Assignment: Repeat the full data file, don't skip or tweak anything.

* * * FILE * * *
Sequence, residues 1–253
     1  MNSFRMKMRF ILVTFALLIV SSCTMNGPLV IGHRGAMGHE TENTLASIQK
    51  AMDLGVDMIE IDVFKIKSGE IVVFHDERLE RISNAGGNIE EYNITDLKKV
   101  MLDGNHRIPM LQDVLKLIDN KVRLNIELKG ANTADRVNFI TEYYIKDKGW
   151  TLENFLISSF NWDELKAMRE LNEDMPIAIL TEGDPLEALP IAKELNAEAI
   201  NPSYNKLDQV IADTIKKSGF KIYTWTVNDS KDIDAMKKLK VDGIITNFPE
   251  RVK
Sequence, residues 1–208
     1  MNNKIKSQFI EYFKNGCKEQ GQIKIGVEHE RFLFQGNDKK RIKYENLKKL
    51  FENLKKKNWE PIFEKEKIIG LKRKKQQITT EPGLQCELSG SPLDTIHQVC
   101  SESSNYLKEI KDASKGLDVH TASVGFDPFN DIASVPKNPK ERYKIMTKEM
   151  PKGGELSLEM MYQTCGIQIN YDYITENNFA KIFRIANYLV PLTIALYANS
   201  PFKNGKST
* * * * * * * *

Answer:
Sequence, residues 1–253
     1  MNSFRMKMRF ILVTFALLIV SSCTMNGPLV IGHRGAMGHE TENTLASIQK
    51  AMDLGVDMIE IDVFKIKSGE IVVFHDERLE RISNAGGNIE EYNITDLKKV
   101  MLDGNHRIPM LQDVLKLIDN KVRLNIELKG ANTADRVNFI TEYYIKDKGW
   151  TLENFLISSF NWDELKAMRE LNEDMPIAIL TEGDPLEALP IAKELNAEAI
   201  NPSYNKLDQV IADTIKKSGF KIYTWTVNDS KDIDAMKKLK VDGIITNFPE
   251  RVK
Sequence, residues 1–208
     1  MNNKIKSQFI EYFKNGCKEQ GQIKIGVEHE RFLFQGNDKK RIKYENLKKL
    51  FENLKKKNWE PIFEKEKIIG LKRKKQQITT EPGLQCELSG SPLDTIHQVC
   101  SESSNYLKEI KDASKGLDVH TASVGFDPFN DIASVPKNPK ERYKIMTKEM
   151  PKGGELSLEM MYQTCGIQIN YDYITENNFA KIFRIANYLV PLTIALYANS
   201  PFKNGKST